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Irritating Habits

It is only in the last 6 years of our 19-year marriage that I have realised that my partner swills his drinks in his mouth before swallowing. However, once this has been seen, it can never been unseen – and he drinks a LOT of drinks in the course of a day.

I have a habit of not unpacking my suitcase after being away, for at least a couple of days, sometimes (especially in the earlier days of our relationship) it could be up to a week. This winds up my partner NO END.  His case is unpacked within about 4 minutes of walking in the door, and by the 10-minute mark, he’s already got the washing machine going.

There are highly entertaining lists out there of the Top 10 of most annoying habits; take a look if you have a free 10 minutes on your lunch break. My personal favourite is ‘taking ages on the toilet’.

Admittedly there are differences in irritating habits – if they ‘let one out’ at the dinner table, it’s a bit different to having a habitual drinking habit. This blog is more around the former issue, the shallow, small stuff that can really grate.

The good news is, that to be annoyed with your partner’s habits is entirely normal. The phrase ‘familiarity breeds contempt’ comes to mind.

This article in Psychology Today, sums up what other articles I have read talk about. The idea of misattribution – the fact that we don’t notice, or refuse to acknowledge the sources of stress in our own lives. Once it has built up enough that we begin to acknowledge it, we look at our immediate environment, the home, for its cause.

We misattribute our bad moods to something our partner has done, and we become more and more dissatisfied with our relationship. But, with practice, it can work the other way, too. We can come to appreciate our partner more if we associate pleasant feelings with them…. By being mindful about the true source of the minor irritations in our lives, we can more fully appreciate the good things about our partners as well as what they contribute to our lives each day.

If we’re honest with ourselves, what are the areas of our relationship that we’re not sure about – any sources of anxiety or resentment? Remember, change can be a big source of stress and tension. Even if things were fine before, a shift in circumstance can be enough to create problems where there were none before. Sometimes this can happen without us even noticing.

Richard wrote a brilliant blog about first attraction. The premise of this, is that often the very things that first attracted us to our partners are the things that – over time – we find the most annoying. This is definitely worth revisiting after reading this.

So, how then, can we move forward? It’s ALL ABOUT communication. Let’s not be the person to leave books or leaflets around the house; hoping our partner gets the hint.

The key is to work together to change the habits that can be changed and learn to accept those that can’t.

It is vitally important that we examine our own motives before beginning the conversation. What outcome are we looking for? Are we ultimately trying to change our partner to make them more like ourselves? Are we enabling them to grow or trying to shut them down? Is this going to help both of us become greater, stronger, more of a team?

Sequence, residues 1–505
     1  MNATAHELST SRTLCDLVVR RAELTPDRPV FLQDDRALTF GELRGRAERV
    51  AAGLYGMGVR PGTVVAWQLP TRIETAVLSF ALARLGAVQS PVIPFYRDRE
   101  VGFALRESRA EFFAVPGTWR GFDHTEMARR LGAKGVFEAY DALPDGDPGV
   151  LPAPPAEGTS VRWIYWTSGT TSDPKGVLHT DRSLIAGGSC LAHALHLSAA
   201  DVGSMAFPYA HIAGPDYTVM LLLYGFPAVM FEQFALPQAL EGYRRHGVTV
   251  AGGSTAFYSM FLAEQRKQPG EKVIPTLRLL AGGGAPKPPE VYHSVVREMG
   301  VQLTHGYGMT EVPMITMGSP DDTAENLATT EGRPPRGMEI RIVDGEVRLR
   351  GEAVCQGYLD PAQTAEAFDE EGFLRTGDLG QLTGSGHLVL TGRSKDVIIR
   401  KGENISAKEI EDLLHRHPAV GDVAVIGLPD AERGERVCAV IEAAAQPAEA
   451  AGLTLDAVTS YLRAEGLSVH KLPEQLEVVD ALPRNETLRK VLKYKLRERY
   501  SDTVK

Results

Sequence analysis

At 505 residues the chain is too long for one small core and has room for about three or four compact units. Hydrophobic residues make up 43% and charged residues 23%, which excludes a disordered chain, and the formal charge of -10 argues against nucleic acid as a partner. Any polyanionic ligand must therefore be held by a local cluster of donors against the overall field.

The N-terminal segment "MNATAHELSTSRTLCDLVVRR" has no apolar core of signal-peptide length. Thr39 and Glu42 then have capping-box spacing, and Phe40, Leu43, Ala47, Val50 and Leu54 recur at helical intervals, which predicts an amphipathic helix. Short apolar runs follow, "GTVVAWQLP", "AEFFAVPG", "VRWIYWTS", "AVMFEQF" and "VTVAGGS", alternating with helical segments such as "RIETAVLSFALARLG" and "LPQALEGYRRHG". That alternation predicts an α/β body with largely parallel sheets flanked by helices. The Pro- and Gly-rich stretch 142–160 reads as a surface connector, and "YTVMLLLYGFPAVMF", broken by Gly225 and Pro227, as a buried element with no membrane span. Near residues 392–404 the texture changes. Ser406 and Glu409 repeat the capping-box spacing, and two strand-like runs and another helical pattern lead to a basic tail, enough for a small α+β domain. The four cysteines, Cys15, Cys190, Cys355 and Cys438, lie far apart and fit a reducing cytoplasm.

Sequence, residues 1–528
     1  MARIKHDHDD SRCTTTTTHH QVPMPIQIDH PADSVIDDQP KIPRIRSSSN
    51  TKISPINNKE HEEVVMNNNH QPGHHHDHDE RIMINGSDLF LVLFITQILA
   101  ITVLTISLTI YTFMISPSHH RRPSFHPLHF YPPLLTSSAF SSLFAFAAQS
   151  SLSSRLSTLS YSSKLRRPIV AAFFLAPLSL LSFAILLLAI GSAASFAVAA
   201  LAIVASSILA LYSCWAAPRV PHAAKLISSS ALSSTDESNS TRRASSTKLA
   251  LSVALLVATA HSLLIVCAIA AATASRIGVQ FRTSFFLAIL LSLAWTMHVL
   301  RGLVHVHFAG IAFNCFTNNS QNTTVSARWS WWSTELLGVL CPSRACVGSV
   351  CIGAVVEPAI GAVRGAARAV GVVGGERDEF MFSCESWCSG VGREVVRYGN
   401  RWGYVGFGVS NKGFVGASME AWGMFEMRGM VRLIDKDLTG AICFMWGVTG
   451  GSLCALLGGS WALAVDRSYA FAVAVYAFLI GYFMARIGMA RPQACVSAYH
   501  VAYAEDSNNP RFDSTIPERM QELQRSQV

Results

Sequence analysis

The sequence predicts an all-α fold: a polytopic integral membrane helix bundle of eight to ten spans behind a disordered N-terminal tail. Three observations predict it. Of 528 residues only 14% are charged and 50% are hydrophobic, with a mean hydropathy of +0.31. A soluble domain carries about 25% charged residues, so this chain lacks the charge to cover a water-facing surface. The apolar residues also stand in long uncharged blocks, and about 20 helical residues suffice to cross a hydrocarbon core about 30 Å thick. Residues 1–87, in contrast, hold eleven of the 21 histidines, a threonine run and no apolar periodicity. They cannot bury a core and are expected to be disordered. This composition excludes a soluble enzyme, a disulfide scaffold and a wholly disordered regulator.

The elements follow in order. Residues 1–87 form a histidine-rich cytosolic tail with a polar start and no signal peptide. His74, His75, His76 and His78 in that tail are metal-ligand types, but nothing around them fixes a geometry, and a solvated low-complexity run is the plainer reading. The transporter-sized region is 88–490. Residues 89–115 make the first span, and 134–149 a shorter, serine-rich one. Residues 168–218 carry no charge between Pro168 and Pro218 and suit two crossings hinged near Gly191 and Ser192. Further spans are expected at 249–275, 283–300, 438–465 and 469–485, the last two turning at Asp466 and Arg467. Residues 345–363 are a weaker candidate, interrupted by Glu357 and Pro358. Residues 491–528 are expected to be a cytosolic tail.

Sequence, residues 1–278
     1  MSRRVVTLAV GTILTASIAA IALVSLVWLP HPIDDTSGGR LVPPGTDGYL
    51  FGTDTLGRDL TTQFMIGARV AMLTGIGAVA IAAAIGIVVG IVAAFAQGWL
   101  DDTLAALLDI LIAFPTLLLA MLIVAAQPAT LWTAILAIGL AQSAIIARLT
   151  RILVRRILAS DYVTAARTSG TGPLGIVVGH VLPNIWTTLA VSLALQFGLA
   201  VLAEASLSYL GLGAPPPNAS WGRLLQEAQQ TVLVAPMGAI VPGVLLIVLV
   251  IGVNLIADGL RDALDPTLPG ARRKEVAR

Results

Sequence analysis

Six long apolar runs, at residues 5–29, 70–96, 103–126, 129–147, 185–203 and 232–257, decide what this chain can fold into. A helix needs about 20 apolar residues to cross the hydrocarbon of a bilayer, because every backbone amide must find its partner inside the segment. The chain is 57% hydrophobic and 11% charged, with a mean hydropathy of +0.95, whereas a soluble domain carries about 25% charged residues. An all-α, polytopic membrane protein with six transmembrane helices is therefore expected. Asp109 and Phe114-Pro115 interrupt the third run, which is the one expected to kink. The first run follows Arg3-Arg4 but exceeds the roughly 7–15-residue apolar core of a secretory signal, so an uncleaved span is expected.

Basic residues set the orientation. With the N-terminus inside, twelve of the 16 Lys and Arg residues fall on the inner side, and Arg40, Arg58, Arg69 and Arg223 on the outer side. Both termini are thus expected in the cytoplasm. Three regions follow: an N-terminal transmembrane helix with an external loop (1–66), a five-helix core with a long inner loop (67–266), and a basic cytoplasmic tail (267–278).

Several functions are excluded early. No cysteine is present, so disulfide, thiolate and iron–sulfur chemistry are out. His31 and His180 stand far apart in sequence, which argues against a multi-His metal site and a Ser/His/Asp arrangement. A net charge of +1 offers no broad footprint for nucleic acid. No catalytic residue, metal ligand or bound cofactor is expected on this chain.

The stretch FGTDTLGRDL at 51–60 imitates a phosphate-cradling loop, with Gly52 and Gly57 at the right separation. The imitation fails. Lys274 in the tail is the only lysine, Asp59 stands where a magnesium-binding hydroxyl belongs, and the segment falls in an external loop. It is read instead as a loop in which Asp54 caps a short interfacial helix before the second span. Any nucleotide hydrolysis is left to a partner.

Keep in mind that we are seeking to change the habit, not the person.

The different ways we are both wired is something we need to learn to embrace and celebrate, rather than try to change. We’d be fighting a losing battle if we try. We look at this in detail on our retreat.

It can be helpful to find the time to sit down and talk when we’re not already feeling annoyed. Then, the advice for us all is:

  • Don’t phrase comments as an attack. Acknowledge that things haven’t been as good as they could be recently and that you think a little communication would be helpful / appreciated.
  • Start with some encouragement of the good habits you acknowledge and like. Even if this is just an exercise in your own head, it is worth doing.
  • Don’t beat around the bush but be honest with feelings, requesting (rather than demanding) the desired change hoped for. Verbalise the benefit of the change, recognising that it may take time.
  • Maybe suggest a ‘habit trade’. It could be a great time to put it out there, for our partners to be able to have their say too. Might be best to cap it at just one habit each, or else it could slide into a different type of ‘conversation’.


My partner and I have discussed and changed SO many irritating habits in ourselves over the years. It is amazing though, because for each habit we change, a new one slips in to take its place. It is a never-ending conversation. There are some, like the ‘tea swilling’, that I don’t believe will ever be fixed. I am resigned to them now and have found methods to distract myself when it is happening.

I also constantly remind myself of all the amazing things he brings to my life, and suddenly the tea swilling feels a little ridiculous. One day, the time may come, when I will long for these tea-swilling days to come back again.

Susannah Baker

After giving up a senior nursing role spanning 14 years, and moving to Devon, Susannah is now the director of a holiday business; a founder and trustee of The Pickwell Foundation, a partner to Steve and a mum to two teenagers.

Keeping her hand in with the nursing side, she works as a Community First Responder for the South West Ambulance Service.

The question of 'what makes relationships great', together with a real curiosity of how people stay together for a life-time, has always caused much fascination.  On a search to discover some answers for herself, One:Retreat was born.

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